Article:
Wednesday, 8 January 2020 - 5:01pm

Top dog Ike remembered

2 min read

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Wellington Dog Section is mourning the passing of its patriarch, Patrol Dog (ret) Ike.

Ike, who was in his 13th year, was a frontline veteran and fearless catcher of bad guys - but he also charmed young and old alike on visits, displays and parades.

He died on Sunday (5 January) after enjoying his usual morning walk. He was retired from frontline duties and lived with Senior Sergeant Mark Davidson, O/C Wellington Dog Section. His health had been failing.

“He’ll be greatly missed,” says Mark.

Ike was bred at the Dog Training Centre at Trentham and was assigned to Constable Andrew ‘Junior’ Douglas for training in 2009.

They graduated as operational team in 2010 and worked together until Ike's retirement from frontline duties in 2016.

They enjoyed great operational success and became well known to viewers of the reality TV series Dog Squad.

As well as their many catches, they featured in the dramatic nighttime rescue of a man trapped on a ledge after falling from the clifftop at Makara Beach. Junior and fellow handler Tony Milner received Royal Humane Society Bronze Medals for the rescue.

Junior and Ike’s great partnership was reflected in their third placing at the 2012 and 2015 police dog national championships.

Away from the front line Ike was also a champ - Junior taught him a variety of tricks which helped make Ike a favourite with the crowds at public events, particularly when he performed dressed in a superhero outfit or dog-sized rugby jersey.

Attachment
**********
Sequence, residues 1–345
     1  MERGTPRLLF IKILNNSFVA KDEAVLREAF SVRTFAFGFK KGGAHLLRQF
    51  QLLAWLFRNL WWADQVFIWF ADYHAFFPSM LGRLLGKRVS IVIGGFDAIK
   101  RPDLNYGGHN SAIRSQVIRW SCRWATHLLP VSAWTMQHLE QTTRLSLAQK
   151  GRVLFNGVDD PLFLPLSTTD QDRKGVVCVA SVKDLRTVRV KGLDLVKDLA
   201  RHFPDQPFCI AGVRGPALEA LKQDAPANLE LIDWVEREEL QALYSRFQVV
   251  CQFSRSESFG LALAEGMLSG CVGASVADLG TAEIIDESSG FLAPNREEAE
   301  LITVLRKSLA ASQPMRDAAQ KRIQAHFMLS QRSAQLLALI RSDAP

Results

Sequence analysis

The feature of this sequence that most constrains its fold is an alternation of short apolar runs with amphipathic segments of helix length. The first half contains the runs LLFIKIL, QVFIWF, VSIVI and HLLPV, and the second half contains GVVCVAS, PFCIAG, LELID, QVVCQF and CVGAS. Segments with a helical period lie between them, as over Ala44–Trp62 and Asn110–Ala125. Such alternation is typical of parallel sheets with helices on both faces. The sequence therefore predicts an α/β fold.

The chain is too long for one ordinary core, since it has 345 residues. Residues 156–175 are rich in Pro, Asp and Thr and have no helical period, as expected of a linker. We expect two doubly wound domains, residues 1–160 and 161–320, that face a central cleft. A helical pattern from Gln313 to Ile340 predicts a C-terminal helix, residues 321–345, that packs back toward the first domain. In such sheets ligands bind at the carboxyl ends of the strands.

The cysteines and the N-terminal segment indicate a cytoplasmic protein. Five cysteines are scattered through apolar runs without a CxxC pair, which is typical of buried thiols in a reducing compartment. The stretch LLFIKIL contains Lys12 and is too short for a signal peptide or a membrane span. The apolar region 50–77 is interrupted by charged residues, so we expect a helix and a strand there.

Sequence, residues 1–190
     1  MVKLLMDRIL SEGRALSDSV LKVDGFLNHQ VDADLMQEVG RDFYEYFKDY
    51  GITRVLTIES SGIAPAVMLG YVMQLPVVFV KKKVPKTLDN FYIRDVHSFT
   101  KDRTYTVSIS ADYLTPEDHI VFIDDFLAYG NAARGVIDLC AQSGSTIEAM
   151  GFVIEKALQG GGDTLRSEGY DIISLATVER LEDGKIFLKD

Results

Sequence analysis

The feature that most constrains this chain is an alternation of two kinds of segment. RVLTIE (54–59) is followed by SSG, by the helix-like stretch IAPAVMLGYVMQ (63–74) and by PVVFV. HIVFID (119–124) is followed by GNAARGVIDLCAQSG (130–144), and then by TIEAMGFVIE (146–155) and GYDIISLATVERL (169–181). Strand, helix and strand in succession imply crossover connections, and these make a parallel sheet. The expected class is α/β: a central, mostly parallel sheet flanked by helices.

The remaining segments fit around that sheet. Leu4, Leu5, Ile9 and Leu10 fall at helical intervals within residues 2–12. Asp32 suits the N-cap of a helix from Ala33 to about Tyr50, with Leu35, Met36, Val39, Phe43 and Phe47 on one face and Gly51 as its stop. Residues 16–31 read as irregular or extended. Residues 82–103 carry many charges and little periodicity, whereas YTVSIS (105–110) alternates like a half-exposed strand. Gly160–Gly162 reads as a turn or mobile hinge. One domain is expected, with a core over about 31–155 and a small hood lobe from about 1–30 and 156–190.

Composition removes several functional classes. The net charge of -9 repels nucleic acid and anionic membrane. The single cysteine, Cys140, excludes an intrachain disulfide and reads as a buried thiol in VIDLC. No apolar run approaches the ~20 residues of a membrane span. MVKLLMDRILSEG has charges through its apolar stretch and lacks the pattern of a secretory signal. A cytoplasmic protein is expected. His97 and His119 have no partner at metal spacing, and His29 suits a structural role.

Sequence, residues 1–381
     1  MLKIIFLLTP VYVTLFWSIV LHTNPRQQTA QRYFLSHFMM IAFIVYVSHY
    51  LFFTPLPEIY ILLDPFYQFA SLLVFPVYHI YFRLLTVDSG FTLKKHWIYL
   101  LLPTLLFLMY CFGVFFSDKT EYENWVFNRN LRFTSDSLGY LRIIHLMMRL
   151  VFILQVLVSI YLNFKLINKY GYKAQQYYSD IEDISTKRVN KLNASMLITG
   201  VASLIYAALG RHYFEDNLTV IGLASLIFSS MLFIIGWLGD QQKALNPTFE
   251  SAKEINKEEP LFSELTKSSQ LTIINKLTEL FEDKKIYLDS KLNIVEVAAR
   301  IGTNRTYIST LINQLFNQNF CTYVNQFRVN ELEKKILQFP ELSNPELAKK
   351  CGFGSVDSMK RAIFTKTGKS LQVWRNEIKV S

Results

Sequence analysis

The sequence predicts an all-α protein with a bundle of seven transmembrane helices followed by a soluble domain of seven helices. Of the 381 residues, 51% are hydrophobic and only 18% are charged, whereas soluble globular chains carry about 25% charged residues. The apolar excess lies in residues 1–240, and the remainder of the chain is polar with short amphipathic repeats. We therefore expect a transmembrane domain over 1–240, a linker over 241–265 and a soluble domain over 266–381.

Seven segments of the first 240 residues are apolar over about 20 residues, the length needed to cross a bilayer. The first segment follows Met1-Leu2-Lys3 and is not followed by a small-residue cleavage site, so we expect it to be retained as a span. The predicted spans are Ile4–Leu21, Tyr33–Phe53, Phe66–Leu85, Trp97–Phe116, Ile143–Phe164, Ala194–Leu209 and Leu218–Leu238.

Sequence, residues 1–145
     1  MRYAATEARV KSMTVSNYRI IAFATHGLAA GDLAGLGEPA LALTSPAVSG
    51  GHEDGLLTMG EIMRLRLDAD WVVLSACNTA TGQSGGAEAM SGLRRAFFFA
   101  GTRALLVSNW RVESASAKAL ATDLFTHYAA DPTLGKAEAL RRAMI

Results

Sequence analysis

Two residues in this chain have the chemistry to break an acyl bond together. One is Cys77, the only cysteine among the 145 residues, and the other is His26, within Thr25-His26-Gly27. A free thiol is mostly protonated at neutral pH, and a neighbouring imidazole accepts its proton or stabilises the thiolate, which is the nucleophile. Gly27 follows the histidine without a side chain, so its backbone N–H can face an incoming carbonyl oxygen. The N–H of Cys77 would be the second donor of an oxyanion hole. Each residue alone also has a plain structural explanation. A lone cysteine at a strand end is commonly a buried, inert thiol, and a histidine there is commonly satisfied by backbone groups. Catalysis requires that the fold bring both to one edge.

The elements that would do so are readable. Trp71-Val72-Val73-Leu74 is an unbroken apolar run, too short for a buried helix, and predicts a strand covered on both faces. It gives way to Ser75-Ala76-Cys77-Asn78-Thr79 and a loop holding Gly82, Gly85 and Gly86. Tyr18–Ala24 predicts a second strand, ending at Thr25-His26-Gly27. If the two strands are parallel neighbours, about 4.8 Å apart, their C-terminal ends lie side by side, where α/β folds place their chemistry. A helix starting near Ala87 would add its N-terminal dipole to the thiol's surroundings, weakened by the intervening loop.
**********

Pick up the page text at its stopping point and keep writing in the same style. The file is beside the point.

In November 2013 Ike underwent surgery for a spinal injury. “It makes it all the more significant that he had three more years of demanding frontline work after this, including getting third place in the nationals,” says Junior.

After retiring, Ike continued to enjoy an active life with Mark, accompanying him to work and chalking up no fewer than 83 appearances at displays and visits to schools, retirement villages and other groups. He was back in the superhero outfit for Pride parades in Wellington and Auckland.

When a dog was needed to model the Mako harness on its introduction to Police, it was Ike who flew over the obstacle course wearing one. When a prototype dog van was developed, there was Ike, happily popping in and out to demonstrate its features.

Junior says he will be sorely missed. “He was a fantastic dog and a lot of people who knew him will feel like they’ve lost a friend.”

Mark says Ike was a great example of the success of Police's approach to training dogs. "The number of people involved in Ike’s life reflect the holistic nature of our pup development and dog training programme,” he says.